[7] A state statute or local ordinance which by its terms compels unconstitutional results is “facially” unconstitutional and hence is incapable of any valid application. See Village of Hoffman Est. v. Flipside, Hoffman Est., 455 U.S. 489, 494 n. 5 (1982). No essential issues of material fact are presented for resolution upon a facial challenge to a statute or ordinance. Brookpark Entertainment, Inc. v. Taft, 951 F.2d 710, 714 (6th Cir. 1991), cert. denied, 506 U.S. 820 (1992).
[8] Both the district court’s dismissal of the complaint for failure to state a claim, and its legal pronouncements regarding the constitutionality of Ohio’s local option legislation, are reviewed de novo. Cline v. Rogers, 87 F.3d 176, 179 (6th Cir.), cert. denied, 117 S.Ct. 510 (1996); Rodgers v. Jabe, 43 F.3d 1082, 1085 (6th Cir. 1995).
[9] See Eastlake v. Forest City Enterprises, Inc., 426 U.S. 668, 679 (1976) (explaining that the referendum process is “a basic instrument of democratic government”); Southern Alameda Spanish Speaking Organization v. Union City, 424 F.2d 291, 294
(9th Cir. 1970) (“A referendum . . . is far more than an expression of ambiguously founded neighborhood preference. It is the city itself legislating through its voters — an exercise by the voters of their traditional right through direct legislation to override the views of their elected representatives as to what serves the public interest.”) (citing Spaulding v. Blair, 403 F.2d 862, 863 (4th Cir. 1968) (“The referendum procedure . . . is a fundamental part of the State’s legislative process.”)).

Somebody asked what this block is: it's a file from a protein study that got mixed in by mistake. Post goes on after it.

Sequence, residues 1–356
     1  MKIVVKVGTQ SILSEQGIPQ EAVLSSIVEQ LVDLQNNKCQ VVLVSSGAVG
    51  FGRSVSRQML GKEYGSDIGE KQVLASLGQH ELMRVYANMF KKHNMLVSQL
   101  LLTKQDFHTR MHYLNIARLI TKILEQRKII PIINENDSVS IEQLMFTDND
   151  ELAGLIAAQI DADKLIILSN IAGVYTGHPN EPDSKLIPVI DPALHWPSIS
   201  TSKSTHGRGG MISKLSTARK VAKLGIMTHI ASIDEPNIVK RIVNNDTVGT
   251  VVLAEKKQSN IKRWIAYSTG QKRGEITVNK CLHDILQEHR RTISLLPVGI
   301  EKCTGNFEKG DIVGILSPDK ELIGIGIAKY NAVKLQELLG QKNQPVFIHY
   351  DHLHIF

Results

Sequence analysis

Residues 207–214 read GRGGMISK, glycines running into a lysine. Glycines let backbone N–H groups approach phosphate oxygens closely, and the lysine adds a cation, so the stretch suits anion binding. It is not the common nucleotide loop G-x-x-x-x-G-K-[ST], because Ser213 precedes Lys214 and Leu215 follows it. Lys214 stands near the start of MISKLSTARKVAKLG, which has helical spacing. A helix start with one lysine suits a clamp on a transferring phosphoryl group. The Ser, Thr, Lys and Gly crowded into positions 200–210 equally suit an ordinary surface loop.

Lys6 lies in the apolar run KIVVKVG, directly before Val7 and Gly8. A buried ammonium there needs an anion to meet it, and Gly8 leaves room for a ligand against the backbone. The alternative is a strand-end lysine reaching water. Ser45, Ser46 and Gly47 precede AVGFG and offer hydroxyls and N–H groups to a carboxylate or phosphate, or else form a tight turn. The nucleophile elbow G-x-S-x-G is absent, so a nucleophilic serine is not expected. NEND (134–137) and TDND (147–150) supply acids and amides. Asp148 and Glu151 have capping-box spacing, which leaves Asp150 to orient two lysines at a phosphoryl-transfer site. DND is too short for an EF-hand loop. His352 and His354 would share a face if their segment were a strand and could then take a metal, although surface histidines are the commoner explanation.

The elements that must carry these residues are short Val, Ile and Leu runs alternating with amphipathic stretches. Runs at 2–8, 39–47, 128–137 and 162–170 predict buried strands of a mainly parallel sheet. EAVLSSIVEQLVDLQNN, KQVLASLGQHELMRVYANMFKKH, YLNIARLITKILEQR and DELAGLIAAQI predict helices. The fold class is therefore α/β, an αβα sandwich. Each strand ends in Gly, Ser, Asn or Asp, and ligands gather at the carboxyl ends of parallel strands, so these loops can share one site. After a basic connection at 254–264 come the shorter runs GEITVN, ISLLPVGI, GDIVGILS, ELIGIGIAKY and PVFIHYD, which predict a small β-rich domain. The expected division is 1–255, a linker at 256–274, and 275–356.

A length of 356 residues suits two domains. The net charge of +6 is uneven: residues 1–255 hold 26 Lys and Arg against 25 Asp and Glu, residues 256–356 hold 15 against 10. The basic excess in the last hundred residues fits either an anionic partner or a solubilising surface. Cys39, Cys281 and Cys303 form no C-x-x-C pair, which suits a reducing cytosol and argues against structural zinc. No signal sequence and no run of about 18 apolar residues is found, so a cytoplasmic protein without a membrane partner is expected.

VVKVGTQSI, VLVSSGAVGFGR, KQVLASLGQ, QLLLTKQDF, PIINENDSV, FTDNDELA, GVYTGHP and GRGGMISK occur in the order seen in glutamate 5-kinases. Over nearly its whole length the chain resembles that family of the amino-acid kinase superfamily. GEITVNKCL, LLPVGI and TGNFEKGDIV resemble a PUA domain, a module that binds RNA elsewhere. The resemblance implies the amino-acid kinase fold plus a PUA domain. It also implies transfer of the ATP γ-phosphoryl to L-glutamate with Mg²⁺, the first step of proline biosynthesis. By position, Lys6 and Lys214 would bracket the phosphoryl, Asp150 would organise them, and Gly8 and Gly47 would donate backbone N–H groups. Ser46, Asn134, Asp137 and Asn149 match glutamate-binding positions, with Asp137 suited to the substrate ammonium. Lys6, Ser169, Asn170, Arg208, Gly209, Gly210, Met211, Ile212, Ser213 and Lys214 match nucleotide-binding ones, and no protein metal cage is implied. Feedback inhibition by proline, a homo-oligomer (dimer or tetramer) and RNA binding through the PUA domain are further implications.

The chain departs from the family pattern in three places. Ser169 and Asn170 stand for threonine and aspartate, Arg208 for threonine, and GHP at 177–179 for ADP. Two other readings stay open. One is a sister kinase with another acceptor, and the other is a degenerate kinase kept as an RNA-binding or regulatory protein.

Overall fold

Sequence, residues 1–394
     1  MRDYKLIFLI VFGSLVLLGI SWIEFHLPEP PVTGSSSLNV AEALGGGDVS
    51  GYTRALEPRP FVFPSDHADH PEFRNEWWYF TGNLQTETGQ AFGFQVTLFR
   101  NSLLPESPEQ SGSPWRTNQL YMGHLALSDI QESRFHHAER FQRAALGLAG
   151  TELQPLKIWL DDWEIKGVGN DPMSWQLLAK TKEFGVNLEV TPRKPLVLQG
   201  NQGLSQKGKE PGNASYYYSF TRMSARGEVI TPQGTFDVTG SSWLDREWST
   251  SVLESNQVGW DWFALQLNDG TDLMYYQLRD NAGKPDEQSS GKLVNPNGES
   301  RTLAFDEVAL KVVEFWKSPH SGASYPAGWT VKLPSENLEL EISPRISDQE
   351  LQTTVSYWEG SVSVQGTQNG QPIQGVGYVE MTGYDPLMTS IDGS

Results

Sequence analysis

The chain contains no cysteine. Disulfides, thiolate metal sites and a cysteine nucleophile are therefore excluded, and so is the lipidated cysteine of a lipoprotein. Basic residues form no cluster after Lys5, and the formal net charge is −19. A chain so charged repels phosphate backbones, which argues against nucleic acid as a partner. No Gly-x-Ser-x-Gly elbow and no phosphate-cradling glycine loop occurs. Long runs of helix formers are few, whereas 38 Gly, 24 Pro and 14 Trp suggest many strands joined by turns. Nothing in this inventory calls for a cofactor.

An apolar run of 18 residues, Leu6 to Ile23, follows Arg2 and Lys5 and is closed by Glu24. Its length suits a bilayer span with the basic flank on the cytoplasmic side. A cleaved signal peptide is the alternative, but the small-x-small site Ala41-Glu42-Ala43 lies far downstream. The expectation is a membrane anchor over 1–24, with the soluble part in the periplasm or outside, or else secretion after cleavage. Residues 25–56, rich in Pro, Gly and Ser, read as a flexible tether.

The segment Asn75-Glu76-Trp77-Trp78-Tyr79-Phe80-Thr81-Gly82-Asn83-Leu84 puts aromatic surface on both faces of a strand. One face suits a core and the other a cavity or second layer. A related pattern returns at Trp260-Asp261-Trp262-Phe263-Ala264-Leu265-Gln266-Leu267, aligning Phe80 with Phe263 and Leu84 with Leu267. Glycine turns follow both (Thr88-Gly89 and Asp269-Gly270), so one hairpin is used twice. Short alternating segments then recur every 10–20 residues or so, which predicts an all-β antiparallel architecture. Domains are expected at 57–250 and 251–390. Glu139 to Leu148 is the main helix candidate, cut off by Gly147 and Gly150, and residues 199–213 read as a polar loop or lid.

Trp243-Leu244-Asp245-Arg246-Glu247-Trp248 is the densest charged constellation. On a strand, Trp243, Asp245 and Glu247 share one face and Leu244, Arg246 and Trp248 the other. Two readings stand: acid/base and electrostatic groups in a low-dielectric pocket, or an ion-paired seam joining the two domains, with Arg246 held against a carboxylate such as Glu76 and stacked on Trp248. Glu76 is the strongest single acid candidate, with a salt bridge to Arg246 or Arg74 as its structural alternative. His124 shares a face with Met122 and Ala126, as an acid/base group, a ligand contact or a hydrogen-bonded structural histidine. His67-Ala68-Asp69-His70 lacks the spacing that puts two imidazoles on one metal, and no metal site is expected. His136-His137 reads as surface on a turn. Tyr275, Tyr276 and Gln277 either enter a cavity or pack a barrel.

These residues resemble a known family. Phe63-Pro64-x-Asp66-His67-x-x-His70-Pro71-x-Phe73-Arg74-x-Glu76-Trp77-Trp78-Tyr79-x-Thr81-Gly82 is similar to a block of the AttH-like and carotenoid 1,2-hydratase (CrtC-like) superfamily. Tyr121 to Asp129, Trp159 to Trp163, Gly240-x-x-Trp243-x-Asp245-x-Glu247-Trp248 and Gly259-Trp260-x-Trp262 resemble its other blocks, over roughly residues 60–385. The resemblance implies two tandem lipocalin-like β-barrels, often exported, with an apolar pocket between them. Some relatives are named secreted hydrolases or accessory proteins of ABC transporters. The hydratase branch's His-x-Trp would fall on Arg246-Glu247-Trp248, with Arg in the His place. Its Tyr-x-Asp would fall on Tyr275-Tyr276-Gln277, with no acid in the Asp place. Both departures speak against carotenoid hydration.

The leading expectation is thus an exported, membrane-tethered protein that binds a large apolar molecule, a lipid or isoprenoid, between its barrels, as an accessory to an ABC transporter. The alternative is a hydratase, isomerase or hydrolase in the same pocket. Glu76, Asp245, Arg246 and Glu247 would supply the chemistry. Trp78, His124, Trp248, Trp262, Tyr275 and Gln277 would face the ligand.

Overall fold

[10] Nonetheless, Ohio law permits any person eligible to vote in a local option election, or potentially adversely affected by that election, to protest the validity of a local option initiative petition. Written protests which conform to statutory strictures are heard before the appropriate election officials. Ohio Rev. Code Section(s) 4305.14(D). Cf. Ohio Rev. Code Section(s) 4301.27-.28, which afford notice and a hearing prior to the revocation or cancellation by the Ohio Liquor Control Commission, for cause, of a particular license, as well as a subsequent right to appeal an unfavorable decision. See Brookpark, 951 F.2d at 714-15.
[11] The electorate’s actual reason for forestalling some types of retail alcohol sales within their community, while permitting other types, is irrelevant, as long as some identifiable legitimate public interest is arguably advanced by the enacted restriction. See, e.g., Clarke v. Cincinnati, 40 F.3d 807, 815
(6th Cir. 1994), cert. denied, 115 S.Ct. 1960 (1995); Arthur v. Toledo, 782 F.2d 565, 574 (6th Cir. 1986).
[12] This proviso dictates, in part:

Permit A-1-A may be issued to the holder of an A-1 or A-2 permit to sell beer and any intoxicating liquor at retail, only by the individual drink in glass [sic] or from a container, provided such A-1-A permit premises are situated on the same parcel or tract of land as the related A-1 or A-2 manufacturing permit premises or are separated therefrom only by public streets or highways or by other lands owned by the holder of the A-1 or A-2 permit and used by him in connection with or in promotion of his A-1 or A-2 permit business.

Ohio Rev. Code Section(s) 4303.021.

[13] The plaintiff has conceded that the “rational relationship” standard applies to its equal protection assault against the Ohio local option statutes.